Naked City

Off the Desk:

Michelle Kay, one of the local daily's most experienced political reporters, has jumped ship. Kay will soon be directing press affairs for Republican Attorney General candidate John Cornyn. Kay's departure from the daily was not a surprise, according to some staffers at the paper, who say that she had been on leave from the Statesman for several weeks. A spokesman at the Cornyn campaign office said that Kay, who is currently in London, will start her job on June 2. Kay is the second local political reporter to join the AG's race. Six weeks ago, former Chronicle politics editor Audrey Duff became the press aide to Democratic candidate Jim Mattox... - R.B.

Robin Cravey, top aide to Councilmember Daryl Slusher and former Councilmember Max Nofziger, will leave his city hall post next month to hang out his attorney-at-law shingle specializing in environmental law and other civil matters. Ramona Perrault, Slusher's executive secretary, will succeed Cravey. Perrault, who worked on Slusher's campaign for council, is a former staffer at the Save Our Springs Alliance... - A.S.

Sometimes the news is kookier than anything that can be made up. On May 7, the San Angelo Standard-Times contained this lead sentence: "Rick Perry on Wednesday brought his lieutenant governor campaign to the Tom Green County Library, where he donated a book he found on the ground outside." - R.B.

Land Grab

City officials charged with piecing together the watershed protection zone approved by voters with the passage of Proposition 2 promise to deliver the 15,000 acres of aquifer recharge land, but they say the process is "like playing a giant 3-D game" - and they aren't winning every round. "We landed right in the middle of this hot real estate market, with a lot of speculation going on," says James King, the Nature Conservancy's director of land protection. "There are some people out there willing to pay more than what would be argued is fair market value." The Nature Conservancy is playing go-between in the city's negotiations with landowners. King says the city's bargaining position is further weakened by its limited supply of "earnest" money, or the security deposit a potential buyer fronts a seller as a condition for tying the land up in contract negotiations. The city can offer only a few thousand dollars - a developer might offer as much as $100,000, says King.

So far, the city has filed contracts for 17 tracts with title companies, the city's Real Estate Services Division reports, though the office will not divulge how much acreage that represents. On at least one tract, owned by ranchers Ralph and Lois Pfluger, the city may lose out to developer king Gary Bradley. The Pfluger tract lies adjacent to John Lloyd's Spillar Ranch, where extensive residential and office development is proposed. Ralph Pfluger says he likes the proposal he has received from the city but feels "he's not in the driver's seat" because of an existing option on his land owned by the Hooker family estate in San Antonio. Some local residents, hopeful that the city could surround the Spillar Ranch and curtail any future expansion, have surmised that Bradley - who some suspect is involved in the Spillar development - countered the city's offer with a better one. But Bradley says he has never approached Pfluger to negotiate a deal, although Pfluger says he's known for at least two years that Bradley was interested in the property. The Nature Conservancy's King has said that he understood that "the first buyer wanted to flip it to another buyer," which could support the notion that if the Hooker family estate exercises its option to buy the land, Bradley would likely be the next owner.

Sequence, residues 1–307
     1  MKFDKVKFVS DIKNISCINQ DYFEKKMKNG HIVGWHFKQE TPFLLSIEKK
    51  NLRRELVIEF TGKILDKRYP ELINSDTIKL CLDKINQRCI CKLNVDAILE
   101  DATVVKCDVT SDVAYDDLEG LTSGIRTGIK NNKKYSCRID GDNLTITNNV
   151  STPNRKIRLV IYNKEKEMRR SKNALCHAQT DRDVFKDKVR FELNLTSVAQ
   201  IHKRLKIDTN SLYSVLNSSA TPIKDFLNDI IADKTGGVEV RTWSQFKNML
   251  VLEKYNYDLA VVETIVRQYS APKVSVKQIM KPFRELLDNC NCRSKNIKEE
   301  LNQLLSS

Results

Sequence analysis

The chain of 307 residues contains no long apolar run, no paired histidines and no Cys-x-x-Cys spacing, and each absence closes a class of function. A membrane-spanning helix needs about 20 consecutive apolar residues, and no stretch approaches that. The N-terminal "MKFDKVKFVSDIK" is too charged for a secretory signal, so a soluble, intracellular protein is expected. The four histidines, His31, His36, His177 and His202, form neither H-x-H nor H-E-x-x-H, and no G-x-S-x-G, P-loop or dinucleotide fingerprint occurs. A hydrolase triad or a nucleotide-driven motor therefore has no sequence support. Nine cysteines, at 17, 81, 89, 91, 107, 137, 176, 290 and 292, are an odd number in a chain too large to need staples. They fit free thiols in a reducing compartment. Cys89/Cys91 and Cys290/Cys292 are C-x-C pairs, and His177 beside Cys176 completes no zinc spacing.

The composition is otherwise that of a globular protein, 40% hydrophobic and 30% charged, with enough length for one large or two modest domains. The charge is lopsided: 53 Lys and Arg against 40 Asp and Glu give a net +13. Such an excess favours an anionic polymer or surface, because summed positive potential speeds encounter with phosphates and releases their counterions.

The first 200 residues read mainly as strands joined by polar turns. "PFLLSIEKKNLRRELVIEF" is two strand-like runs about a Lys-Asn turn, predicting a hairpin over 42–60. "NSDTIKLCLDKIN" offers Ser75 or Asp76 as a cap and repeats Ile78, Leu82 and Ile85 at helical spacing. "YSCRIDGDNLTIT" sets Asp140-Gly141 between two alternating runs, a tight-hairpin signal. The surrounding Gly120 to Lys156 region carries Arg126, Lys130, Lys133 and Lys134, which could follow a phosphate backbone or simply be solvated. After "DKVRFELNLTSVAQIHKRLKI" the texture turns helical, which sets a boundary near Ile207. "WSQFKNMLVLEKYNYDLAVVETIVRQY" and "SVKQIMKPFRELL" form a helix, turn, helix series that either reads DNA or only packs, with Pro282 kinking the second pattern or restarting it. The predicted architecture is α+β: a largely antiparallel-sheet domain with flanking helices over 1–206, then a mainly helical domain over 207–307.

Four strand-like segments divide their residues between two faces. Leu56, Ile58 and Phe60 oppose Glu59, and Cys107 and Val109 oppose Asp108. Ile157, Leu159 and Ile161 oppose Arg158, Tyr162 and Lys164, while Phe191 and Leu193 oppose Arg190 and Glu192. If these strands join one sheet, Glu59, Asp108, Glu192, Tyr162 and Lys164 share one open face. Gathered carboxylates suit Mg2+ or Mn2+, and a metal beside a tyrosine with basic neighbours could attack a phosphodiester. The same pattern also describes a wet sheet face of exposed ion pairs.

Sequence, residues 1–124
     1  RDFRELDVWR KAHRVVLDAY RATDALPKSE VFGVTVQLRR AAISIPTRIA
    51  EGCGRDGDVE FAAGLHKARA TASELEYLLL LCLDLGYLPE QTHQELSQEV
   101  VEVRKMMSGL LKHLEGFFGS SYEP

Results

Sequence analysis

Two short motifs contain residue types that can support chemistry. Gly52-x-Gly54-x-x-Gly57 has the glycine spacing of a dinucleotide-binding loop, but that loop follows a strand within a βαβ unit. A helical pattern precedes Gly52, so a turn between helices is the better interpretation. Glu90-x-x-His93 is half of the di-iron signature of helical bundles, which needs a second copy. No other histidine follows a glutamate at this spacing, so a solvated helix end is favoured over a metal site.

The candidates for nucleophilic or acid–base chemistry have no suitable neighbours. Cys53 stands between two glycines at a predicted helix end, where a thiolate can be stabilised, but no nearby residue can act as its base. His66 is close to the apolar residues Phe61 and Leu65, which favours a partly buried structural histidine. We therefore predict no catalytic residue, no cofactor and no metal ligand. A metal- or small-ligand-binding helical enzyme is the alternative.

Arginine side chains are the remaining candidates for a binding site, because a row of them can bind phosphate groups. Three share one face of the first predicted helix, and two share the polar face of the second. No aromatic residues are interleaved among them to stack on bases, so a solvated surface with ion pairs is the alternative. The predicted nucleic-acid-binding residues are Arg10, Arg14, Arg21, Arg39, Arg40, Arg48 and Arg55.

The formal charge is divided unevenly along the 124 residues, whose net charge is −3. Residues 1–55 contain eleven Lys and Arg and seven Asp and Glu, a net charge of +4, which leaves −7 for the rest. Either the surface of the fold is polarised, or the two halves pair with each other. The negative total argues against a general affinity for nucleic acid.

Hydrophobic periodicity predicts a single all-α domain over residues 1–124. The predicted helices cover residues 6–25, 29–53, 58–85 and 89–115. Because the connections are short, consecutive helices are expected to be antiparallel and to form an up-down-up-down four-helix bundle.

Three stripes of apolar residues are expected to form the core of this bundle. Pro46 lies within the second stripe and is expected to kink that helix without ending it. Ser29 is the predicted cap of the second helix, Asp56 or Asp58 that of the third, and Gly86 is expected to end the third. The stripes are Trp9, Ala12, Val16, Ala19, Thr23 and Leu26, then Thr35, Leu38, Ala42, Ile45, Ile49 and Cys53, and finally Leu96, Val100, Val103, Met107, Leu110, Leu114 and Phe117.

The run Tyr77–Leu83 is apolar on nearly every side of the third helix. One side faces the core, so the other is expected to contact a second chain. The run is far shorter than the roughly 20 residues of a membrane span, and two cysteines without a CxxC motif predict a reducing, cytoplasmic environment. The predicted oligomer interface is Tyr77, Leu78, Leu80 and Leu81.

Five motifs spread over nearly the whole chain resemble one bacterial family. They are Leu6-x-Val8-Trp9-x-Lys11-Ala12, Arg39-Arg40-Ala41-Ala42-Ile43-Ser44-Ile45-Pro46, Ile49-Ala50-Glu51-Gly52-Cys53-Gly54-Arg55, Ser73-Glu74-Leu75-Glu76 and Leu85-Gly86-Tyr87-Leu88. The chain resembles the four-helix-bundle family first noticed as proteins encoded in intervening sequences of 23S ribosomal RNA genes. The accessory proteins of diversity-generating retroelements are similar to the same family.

Bradley has stated in a letter to the Chronicle that he is not opposed to the city buying watershed protection land. He told the Chronicle this week that any competition between him and the city is strictly coincidental because confidentiality agreements between buyer and seller make it impossible to even know who is negotiating for particular tracts. Bradley says he's just "chilling out" while the city goes about its business, and that he's not interested in investing in the current climate.

"The last thing I want to do is go out and compete with the city of Austin and its aggressive program, and say I'll pay more than fair market value for this land," says Bradley. "No one would be interested in going up against that $65 million slush fund." Bradley says he doubts whether developers are engaged in a shopping frenzy over land in the watershed area - the factor which city officials have said makes it imperative to maintain secrecy over its negotiations. "Why would you jump in now that S.O.S has been upheld by the [Supreme] Court, and you've got seven Greens on the City Council? All the bullets are loaded against you... Your life [acquiring] entitlement is just that much harder," Bradley says.

As for King, he says that overall he's "very pleased" with the progress the city has made. No one will confirm how many targeted tracts the city has been unable to get contracts on, though King says "maybe two or three," and Assistant City Manager Toby Futrell says that competition for the Pfluger tract is "not an isolated case." King points out that even if the city fails to sign a contract on some tracts, it may become the owner eventually if it waits on the sidelines as initial arrangements fall through. One ace the city holds, says King, is the certainty that speculative developers face a very long "feasibility period," or process of permitting the land for construction. Some speculators may decide it's just not worth the time and expense to follow through, says King.